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Today's Features

  • The first orphanage in America was established in 1729 when Indians massacred settlers near Natchez, Miss. An orphanage was unusual during this time; most orphans in the 1700s were taken into homes of neighbors or relatives. There was no court or government involvement. Families and friends just took it upon themselves to take these children under their wing to be raised as part of the family.

  • In 1935 President Franklin Roosevelt signed a law creating the Rural Electrification Administration to provide funding to local cooperatives that would distribute electricity.
    At that time Kentucky’s governor, A.B. “Happy” Chandler, was instrumental in securing electric power for the Commonwealth; and in 1937 a loan of $130,000 was approved for Owen County Rural Electric Co-Op to construct lines for 600 customers. Yet, as late as the mid-1930s nine out of 10 households in Kentucky were without electricity.

  • Saturday marks the opening of the 2018 statewide spring turkey season. Hunters will be allowed to harvest one male turkey or a turkey with a visible beard per day with a limit of two for the spring hunting season.
    Shooting hours for the 2018 spring season begins 30 minutes before sunrise and continues until 30 minutes past sunset.

  • Snow! We have another skiff of snow on the ground as I write this Monday morning. This is April; the trees are blooming, Keeneland is running. This is not snow time, but this is Kentucky. Anything can happen weather-wise. The ground was just drying up enough for some of us to get out and mow the yard. Ray got his done, and Fay said she mowed too, but the wind was too cold for me, and I have had skiffs of snow every morning, so I continue to sit and watch TV and hope it will be better tomorrow.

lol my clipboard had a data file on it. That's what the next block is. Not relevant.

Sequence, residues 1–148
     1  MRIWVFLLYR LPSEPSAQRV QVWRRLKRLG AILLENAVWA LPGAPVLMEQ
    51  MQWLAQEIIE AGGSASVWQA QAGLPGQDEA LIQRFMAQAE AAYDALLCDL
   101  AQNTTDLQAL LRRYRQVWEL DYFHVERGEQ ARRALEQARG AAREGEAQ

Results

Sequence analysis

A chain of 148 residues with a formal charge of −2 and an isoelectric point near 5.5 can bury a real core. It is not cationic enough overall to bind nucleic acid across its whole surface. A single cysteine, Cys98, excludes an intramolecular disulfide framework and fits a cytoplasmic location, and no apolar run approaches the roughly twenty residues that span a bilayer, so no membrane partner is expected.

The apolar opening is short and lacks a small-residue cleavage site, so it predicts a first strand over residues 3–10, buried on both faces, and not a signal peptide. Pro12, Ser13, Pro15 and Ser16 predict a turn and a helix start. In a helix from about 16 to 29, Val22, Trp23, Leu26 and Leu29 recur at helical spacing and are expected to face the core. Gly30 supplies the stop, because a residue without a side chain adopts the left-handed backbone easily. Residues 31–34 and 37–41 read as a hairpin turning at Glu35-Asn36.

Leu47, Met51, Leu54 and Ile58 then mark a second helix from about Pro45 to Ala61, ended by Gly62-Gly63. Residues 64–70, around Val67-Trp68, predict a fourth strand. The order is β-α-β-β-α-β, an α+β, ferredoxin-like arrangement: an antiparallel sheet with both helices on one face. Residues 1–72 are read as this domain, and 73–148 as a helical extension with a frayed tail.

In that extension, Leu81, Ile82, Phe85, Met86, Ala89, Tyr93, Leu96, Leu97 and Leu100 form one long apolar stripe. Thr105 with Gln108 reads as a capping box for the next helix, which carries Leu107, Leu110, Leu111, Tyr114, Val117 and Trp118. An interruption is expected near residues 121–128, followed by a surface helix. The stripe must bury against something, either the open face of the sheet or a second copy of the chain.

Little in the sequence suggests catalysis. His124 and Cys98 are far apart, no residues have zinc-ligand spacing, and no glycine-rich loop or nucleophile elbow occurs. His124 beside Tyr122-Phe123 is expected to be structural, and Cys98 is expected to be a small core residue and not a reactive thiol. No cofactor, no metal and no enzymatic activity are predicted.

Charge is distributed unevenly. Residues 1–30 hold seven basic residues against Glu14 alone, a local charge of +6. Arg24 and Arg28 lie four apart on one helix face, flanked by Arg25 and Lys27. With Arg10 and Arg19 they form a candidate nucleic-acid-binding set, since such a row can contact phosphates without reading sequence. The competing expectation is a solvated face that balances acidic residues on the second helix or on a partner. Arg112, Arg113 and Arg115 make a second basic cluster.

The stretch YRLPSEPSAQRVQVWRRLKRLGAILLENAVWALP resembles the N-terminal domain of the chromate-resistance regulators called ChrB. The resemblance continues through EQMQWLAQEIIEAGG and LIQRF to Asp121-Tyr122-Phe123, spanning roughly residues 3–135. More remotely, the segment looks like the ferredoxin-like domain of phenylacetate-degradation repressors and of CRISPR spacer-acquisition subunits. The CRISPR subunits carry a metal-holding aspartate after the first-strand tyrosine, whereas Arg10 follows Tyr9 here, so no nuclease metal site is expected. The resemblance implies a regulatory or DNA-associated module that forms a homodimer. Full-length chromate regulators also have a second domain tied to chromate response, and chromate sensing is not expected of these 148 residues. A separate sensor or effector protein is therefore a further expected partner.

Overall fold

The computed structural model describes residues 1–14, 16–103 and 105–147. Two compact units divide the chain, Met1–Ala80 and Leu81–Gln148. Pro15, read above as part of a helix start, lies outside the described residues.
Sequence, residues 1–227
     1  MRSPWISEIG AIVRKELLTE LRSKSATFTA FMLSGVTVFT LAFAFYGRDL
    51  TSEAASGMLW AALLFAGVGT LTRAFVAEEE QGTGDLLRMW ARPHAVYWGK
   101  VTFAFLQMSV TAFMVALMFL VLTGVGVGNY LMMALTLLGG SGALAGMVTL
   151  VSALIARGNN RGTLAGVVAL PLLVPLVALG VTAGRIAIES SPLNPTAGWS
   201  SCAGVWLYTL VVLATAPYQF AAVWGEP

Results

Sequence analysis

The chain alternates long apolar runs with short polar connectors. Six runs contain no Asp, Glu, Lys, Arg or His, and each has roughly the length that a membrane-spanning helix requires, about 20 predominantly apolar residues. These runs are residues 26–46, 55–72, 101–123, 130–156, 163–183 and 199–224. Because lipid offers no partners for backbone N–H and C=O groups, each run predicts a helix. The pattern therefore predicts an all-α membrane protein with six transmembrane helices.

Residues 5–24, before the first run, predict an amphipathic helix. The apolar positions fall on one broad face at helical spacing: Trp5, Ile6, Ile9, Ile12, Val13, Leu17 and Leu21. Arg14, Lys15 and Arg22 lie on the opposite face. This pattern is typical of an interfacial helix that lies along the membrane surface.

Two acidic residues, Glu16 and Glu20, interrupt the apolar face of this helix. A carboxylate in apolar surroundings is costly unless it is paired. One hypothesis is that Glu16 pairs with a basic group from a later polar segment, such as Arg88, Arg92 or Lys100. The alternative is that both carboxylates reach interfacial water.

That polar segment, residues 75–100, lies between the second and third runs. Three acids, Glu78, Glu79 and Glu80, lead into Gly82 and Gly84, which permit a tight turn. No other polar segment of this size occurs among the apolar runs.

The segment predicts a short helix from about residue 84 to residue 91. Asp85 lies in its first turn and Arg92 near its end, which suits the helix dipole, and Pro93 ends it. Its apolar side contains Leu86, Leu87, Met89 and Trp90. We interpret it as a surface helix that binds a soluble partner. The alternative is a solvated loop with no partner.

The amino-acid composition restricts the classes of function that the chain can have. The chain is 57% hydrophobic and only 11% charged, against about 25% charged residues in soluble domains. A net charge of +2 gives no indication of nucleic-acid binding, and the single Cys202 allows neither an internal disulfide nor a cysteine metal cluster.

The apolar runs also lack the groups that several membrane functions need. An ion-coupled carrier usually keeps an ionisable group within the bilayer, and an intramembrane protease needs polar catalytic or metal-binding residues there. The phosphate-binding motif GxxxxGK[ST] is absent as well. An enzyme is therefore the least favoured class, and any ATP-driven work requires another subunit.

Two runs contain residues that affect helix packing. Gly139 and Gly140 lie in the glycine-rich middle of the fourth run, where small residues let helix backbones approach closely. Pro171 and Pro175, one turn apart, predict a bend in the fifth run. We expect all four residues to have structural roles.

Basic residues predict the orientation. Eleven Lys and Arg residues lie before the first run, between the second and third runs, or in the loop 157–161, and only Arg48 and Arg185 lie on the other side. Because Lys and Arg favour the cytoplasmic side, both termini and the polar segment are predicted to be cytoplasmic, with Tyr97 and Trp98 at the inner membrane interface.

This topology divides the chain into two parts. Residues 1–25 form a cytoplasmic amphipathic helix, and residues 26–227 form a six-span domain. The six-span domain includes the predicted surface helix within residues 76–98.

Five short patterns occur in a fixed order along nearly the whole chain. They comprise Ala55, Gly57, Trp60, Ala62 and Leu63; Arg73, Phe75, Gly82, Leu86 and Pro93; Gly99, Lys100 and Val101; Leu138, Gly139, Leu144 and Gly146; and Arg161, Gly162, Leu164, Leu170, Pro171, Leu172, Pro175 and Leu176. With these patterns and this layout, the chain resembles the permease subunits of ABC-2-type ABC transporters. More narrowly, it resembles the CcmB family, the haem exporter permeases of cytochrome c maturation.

• Like many 10 year olds the young Owen countian spent much of his spare time hunting squirrels. One day while hunting these wily little tree climbers, the boy ducked under a tree branch, and as he cast his eyes to the ground, he spied a perfectly formed arrowhead. That discovery of a single ancient artifact set Owen countian Bobby Rose on the path of a life-long journey into the world of stone points, axes and pipes and fueled his determination to preserve these ancient treasures of the past.

  • This has been a good week for me. I got to play bridge Tuesday. The sun was shining, and I could see spring just around the corner — then it snowed on Wednesday and burst my bubble. There was a good crowd at church Sunday. The new furnace was doing its job, and everybody was glad to be back in their pews.
    Fay said attendance was good at her church too. She has been staying with her sister Sue some this week. She is bedfast now. Fay has been doing some cooking for her and helping the nurse that looks after her. Their family needs your prayers.

  • The little pedal organ, poised as if ready to share a melodious hymn,  stands in a small niche in the parlor of the Owen County Historical Society Museum. Many years ago its keys, now yellowed with age, rejoiced at the touch of the small fingers gliding up and down its keyboard.
    In the early 1900s, this unique little gospel organ traveled in the buggy of Owen County evangelist John Allie Lee. Reverend Lee’s daughter, Snowdye, accompanied her father and played hymns calling the faithful to worship.

  • The currency commonly used in Colonial America was the British pound or Spanish coins called “pieces of eight,”so named because the coins could be cut into smaller denominations of eight pieces.

  • I’m running late this morning. My brain is on overload. Too many and too much “sports” over the weekend. I came home from church and turned on the golf game and watched that to the end, then got into the Olympic games. The sun finally came out, and it was in the 50s at some point in the afternoon. I had a skiff of snow on the ground when I got up this morning. You never know what you’re going to get weather-wise when you live in Kentucky.

  • They were just ordinary everyday folks. Some lived in large cities; others resided in small towns or on isolated farms. Yet, for one brief moment in time they stood in the limelight, and their stories, some delightfully crafted to evoke laughter, others to awaken memories of long ago, became memorialized in newspaper articles, family histories and community narratives.